James Allen – Capital and Conflict (United Kingdom) –
My name is James Allen, and I’m a new publisher here at Southbank Investment Research. In fact, this is my first week here so I’m very much the new boy. I’ve been brought in to look at all the exciting things happening in the energy and commodity space. You see, I’ve spent the last decade or so analysing and reporting on the energy industry, both in London and New York. So much is happening within energy, which I’ll look to bring to your attention as I get a bit more settled into the company.
But what a week to join, and not just because of the snow that blanketed London as I arrived for my first day at work on Monday.
On Tuesday morning, following a day of getting to know everyone in the office, the WhatsApp on my phone pinged with two consecutive messages, both expounding an identical theme.
“Forget bitcoin. We now have bitgas.”
“We have a new bitcoin in town. It’s called the NBP.”
It didn’t take long to work out what my friends, both former colleagues inside the energy industry, were on about. An announced shutdown on Monday night of the North Sea’s most important oil and gas pipeline had been followed on Tuesday morning by an explosion at a major processing facility in Austria that acts as the main point of entry for Russian gas into Europe.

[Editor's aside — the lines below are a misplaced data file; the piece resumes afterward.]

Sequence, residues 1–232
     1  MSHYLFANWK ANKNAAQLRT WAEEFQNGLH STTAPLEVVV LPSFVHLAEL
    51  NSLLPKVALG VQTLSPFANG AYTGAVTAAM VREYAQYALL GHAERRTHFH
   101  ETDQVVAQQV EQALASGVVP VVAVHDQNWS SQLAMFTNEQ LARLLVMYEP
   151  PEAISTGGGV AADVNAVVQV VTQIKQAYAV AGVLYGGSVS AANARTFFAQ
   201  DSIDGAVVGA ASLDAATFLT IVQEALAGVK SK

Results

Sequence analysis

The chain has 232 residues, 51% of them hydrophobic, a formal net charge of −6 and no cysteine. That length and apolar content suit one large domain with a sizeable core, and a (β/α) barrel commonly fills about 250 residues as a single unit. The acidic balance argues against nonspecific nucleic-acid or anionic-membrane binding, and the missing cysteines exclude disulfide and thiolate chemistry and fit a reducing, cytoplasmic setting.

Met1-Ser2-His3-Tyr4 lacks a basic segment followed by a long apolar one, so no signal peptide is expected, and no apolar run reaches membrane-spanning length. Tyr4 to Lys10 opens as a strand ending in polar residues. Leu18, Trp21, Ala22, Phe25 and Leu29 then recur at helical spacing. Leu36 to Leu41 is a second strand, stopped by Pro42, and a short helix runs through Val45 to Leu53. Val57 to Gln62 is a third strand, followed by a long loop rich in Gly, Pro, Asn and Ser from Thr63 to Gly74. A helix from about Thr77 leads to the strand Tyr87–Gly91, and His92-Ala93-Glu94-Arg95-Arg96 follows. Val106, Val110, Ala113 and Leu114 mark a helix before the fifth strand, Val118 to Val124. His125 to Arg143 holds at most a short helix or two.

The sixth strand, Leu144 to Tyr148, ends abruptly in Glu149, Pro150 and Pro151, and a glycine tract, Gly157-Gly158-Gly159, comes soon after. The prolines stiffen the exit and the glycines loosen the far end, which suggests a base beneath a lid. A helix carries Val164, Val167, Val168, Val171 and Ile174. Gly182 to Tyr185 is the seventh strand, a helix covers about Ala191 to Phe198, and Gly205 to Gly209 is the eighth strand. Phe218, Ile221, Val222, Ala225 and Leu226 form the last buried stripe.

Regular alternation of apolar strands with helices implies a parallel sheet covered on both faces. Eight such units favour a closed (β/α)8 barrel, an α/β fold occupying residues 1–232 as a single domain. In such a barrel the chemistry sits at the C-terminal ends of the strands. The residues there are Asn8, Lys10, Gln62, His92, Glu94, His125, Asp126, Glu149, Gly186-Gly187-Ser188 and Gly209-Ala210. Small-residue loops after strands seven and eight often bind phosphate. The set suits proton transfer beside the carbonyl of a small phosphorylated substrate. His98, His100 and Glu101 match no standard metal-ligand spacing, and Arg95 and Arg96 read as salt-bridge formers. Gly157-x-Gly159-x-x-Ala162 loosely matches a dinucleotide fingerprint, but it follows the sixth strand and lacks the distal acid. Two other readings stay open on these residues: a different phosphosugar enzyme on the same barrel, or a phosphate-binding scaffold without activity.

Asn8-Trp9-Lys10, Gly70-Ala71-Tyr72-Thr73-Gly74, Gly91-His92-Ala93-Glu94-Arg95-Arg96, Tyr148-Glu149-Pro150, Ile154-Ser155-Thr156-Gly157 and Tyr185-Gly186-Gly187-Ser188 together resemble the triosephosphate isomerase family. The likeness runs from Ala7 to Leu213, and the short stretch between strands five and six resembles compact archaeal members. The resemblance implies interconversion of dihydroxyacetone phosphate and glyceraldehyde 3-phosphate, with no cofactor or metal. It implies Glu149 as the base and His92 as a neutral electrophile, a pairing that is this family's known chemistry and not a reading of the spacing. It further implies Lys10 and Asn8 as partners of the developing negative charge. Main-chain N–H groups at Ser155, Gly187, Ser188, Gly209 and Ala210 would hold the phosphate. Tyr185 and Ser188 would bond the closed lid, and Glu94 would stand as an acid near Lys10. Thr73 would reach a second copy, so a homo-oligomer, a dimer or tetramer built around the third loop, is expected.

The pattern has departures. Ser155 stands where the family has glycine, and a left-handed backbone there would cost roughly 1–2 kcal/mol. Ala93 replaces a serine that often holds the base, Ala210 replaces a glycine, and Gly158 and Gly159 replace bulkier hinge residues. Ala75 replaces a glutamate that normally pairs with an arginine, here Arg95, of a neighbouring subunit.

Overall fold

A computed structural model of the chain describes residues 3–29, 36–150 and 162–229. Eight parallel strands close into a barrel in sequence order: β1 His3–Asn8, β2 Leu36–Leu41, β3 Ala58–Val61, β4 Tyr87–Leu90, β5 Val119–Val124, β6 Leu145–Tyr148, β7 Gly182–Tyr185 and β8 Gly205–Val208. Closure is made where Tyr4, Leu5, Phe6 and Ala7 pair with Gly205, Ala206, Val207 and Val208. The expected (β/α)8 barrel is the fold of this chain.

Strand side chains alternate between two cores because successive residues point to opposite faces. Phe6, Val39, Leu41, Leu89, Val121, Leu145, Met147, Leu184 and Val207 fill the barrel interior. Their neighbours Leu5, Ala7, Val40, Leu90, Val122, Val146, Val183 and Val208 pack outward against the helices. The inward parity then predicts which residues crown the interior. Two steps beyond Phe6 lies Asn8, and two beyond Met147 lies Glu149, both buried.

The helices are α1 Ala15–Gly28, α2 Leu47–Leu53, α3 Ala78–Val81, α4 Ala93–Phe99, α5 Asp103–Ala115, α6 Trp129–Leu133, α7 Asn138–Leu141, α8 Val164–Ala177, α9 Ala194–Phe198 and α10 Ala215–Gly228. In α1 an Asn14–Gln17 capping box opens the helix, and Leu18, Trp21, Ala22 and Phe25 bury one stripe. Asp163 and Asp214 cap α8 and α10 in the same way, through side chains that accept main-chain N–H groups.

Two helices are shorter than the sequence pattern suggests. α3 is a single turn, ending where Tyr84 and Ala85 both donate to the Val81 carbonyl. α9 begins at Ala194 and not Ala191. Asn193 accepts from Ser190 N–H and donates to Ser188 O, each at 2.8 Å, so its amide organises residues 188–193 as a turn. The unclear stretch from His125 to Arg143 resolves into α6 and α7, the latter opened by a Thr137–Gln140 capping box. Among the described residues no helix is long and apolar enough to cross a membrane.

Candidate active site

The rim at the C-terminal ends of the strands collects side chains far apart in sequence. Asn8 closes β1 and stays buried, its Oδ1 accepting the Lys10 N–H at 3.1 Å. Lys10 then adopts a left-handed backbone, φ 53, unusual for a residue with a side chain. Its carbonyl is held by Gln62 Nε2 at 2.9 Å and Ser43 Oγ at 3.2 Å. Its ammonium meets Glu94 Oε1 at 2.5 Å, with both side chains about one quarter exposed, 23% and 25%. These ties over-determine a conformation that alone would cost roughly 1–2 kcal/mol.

News of the crack in the Forties pipeline system, which will see the operator take it offline for weeks so that it can implement repairs, and the blast at the Baumgarten compressor station, sent benchmark prices for European gas soaring, with the resulting charts very much aping those of our favourite cryptocurrency.
Gas prices for same-day delivery at the National Balancing Point (NBP) – the name of the UK’s natural gas market – jumped to their highest level since early 2013, from just 57p a unit before the shutdown of the Forties pipeline on Monday to nearly 100p on Tuesday afternoon. The front-month gas contract for January rose nearly 20%, hitting 74p, levels not seen since December 2013.